Being a member of My Pierrot Dolls had been a great experience for me. Not only had it awakened my interest in making music but it had also invigorated my need to create. We had gigged up and down the country, made a demo and entered competitions. We had played at pub venues, nightclubs, holiday parks and private venues. We’d had some brilliant experiences where the crowd had really got who we were and some not so brilliant where we had to be escorted out of the building for our own safety.
One not-so-brilliant incident that comes to mind was when we were accepted to take part in the TDK Battle of the Bands competition. This was a great opportunity for the band as this particular competition was well known and respected. The publicity and opportunity to perform in front of talent scouts and A+R people was one not to be missed. Getting to this stage was quite an achievement as places were very limited and there was some stiff competition around. The details are somewhat hazy now but we didn’t win the Sheffield heat and it all went rather pear shaped when our fans (many from Ivor’s workplace at Dale Farm Foods), got involved in a brawl with rival fans. Apparently, name calling towards Ivor and the band triggered our fans to get defensive and a fight pursued. The publicity in the local paper, in retrospect, was classic tabloid headlines.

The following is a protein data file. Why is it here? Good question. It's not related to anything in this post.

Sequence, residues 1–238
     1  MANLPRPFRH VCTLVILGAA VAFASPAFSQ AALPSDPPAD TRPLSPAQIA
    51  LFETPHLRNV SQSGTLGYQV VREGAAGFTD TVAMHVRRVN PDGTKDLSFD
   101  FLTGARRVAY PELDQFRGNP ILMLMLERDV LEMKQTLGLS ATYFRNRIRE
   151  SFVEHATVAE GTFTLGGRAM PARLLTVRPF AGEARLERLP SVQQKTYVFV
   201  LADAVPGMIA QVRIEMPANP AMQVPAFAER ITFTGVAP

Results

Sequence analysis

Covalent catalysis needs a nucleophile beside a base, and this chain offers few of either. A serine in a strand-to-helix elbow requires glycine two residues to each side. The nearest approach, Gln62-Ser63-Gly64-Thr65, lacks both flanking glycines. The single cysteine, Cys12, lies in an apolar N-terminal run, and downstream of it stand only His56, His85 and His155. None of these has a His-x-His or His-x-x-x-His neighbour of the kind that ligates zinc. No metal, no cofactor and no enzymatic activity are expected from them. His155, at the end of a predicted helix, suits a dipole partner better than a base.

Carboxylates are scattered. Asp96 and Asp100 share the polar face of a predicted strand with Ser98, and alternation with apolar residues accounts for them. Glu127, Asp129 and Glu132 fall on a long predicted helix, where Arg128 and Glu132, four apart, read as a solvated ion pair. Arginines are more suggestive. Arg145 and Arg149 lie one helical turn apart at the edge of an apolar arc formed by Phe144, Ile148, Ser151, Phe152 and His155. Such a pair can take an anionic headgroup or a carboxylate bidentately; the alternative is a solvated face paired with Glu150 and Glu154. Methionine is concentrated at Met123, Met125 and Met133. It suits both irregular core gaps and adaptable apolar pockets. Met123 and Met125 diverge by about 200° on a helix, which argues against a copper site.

Another was a similar incident when we played at the then prestigious Retford Porter House. Fan trouble kicked off resulting in us having to stop our set and be escorted from the building for our own safety.
After several disappointments and little response to the demo tape, we went through what every bands go through at some stage; a hiatus where egos, expectations and enthusiasm are at odds with the cohesion needed to move forward. For me, working long hours at the hospital, travelling to and from Rotherham for rehearsals and a shift in what I wanted to do was enough for me to want to give up the band and try something else. I know that at the time the other synth player felt the same and also wanted to get more into his bass playing and take his music in another direction. According to Ivor on his website and recollection of the events, he compares this period to the Ides of March and tells of how we plotted behind his back and formed another group. This wasn’t quite the case, at least it was never meant to be an act of betrayal and I am sure that we left the band before forming another….
Pete managed to get some publicity in the local paper and made a call out to other musicians.
One thing led to another and before we knew it Pete, Linda (Pete’s then girlfriend) and I decided we would come together to see what we could come up musically. Pete had his drum machine, we both had synths and Pete was, by then, quite proficient on bass. Our first few times together helped us realise that we all wanted a different feel to the music and that our image would be less extreme and more mainstream. After much deliberation, Scaramouche was born.